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Poaching

Publication Date : 15-05-2014

 

The arrest of 11 Chinese fishermen (including two minors) who were caught poaching some 500 marine turtles off Hasa-Hasa Shoal in the West Philippine Sea on May 6 has raised regional tensions again, back to levels last seen during the standoff between Philippine and Chinese vessels off Scarborough Shoal or Bajo de Masinloc in 2012. But the Philippine government did the right thing in arresting (and in moving to deport the two minors), and China must understand that the best option now available for its nationals is to allow the Philippine legal process to proceed.

The depth of the Chinese government’s outrage can be gauged by the intemperate language of commentary allowed to be run in publications that are associated with the Communist Party of China.

That the arrest took place in an area Beijing considers sovereign territory is not the only source of Chinese grievance; that it was a small country like the Philippines that made the arrest was especially humiliating. In the words of a China Daily editorial: “The Philippines has singled itself out as a determined challenger of Chinese national interests and the devoted hatchet man of foreign anti-China forces.”

The possibility that the arrest was not part of an international conspiracy against the regional superpower, but merely the routine exercise by one government of its official responsibilities, does not seem to have occurred to official Chinese media.

Perhaps Vietnam’s vigorous response to China’s ill-conceived decision to move a drilling rig to waters claimed by Hanoi, which happened at around the same time as the fishermen’s arrest off Hasa-Hasa Shoal, added to the sense of a “determined challenge.” Hence the language: “devoted hatchet man” to describe a militarily weak Philippines, “foreign anti-China forces” to refer to Vietnam, the Philippines and (especially) the United States.

The editorial carried an undisguised warning: “[The Philippines] needs to be convinced that it has made a choice that, if it persists, means paying an unaffordable price.”

But in fact, Manila has no choice in the matter. Contrary to possible misconceptions some Chinese citizens may hold, a democratically elected government does not have the luxury of disregarding its mandated responsibilities. Presented with unequivocal information that fishermen were poaching marine turtles protected under the country’s wildlife laws, Philippine authorities had no choice but to arrest the fishermen. (Perhaps, under a different regime, the authorities would implement the law based on policy-related instructions from the national leadership.)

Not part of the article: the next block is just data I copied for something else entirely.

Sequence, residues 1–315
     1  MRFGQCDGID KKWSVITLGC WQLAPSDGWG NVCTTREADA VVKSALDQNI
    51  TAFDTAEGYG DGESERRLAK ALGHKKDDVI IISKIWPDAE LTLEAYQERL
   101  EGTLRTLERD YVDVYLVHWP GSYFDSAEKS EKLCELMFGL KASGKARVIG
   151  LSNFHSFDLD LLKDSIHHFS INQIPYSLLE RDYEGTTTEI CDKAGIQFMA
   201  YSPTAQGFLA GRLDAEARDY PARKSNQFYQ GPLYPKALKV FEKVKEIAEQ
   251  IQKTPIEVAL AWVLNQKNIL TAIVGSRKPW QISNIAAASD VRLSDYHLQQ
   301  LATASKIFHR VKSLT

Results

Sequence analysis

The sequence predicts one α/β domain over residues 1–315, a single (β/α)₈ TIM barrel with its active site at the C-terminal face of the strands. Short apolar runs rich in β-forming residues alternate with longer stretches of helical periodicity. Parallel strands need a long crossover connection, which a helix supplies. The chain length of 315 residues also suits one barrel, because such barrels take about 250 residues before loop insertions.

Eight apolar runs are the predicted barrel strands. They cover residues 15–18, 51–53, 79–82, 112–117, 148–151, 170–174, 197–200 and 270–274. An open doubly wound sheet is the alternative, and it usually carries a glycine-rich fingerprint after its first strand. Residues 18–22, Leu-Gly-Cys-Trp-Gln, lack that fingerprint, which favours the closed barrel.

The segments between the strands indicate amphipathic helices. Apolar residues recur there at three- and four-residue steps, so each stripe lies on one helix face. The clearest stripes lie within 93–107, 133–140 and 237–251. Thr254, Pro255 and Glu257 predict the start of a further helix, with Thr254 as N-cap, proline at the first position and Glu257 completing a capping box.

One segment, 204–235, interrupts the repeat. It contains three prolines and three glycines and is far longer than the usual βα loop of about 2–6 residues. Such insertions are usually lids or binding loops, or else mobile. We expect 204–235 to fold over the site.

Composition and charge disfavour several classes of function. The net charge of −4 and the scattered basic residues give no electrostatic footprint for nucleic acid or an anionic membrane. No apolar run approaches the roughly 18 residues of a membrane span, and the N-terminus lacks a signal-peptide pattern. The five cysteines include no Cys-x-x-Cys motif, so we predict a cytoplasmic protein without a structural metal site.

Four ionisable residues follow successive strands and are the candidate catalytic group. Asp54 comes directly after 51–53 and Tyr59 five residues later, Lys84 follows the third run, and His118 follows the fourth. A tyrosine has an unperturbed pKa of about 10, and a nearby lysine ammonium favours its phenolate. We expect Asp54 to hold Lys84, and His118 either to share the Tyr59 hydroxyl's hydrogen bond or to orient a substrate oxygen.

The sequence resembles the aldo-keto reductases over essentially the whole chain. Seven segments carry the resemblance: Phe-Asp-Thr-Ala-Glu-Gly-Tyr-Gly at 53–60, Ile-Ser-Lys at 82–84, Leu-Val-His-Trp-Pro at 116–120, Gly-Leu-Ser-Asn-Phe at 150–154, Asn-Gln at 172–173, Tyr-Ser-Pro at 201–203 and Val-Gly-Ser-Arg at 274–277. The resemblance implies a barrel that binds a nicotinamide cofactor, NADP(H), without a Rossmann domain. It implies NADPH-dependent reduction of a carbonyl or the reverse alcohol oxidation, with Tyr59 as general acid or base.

It is important to note that there were in fact two fishing parties stopped at Hasa-Hasa Shoal and brought to Puerto Princesa, and that the Filipino fishermen on board the second boat were also arrested. It is even more important to note that Beijing does not dispute the central fact of the May 6 incident: The fishermen were harvesting marine turtles, classified as endangered species in the Philippines. (The Chinese government does not also dispute the fact that some 300 of the turtles had died by the time the vessels reached Palawan.)

Some Chinese media have used the word “poachers” in reporting the story, because poaching means stealing someone else’s property, and that is the nature of one of the charges against the fishermen. But the Philippine media used the same word in both its senses: aside from illegally acquiring the turtles, the Chinese fishermen were also trespassing on Philippine territory.

This set of circumstances explains the fishermen’s present legal situation. They are facing (bailable) charges in an environment court in Palawan, and charges of illegal entry in the Department of Justice.

They have refused to accept the legitimacy of the court proceedings (likely under the advice of the Chinese embassy), but whether they enter a plea or not, the Philippine government has no choice but to prosecute them. They cannot be allowed to disregard the legal process. Ironically, that is their best chance of returning to their families as speedily as possible. To be pardoned (say, as a concession to diplomatic realities), they must first be found guilty.

 

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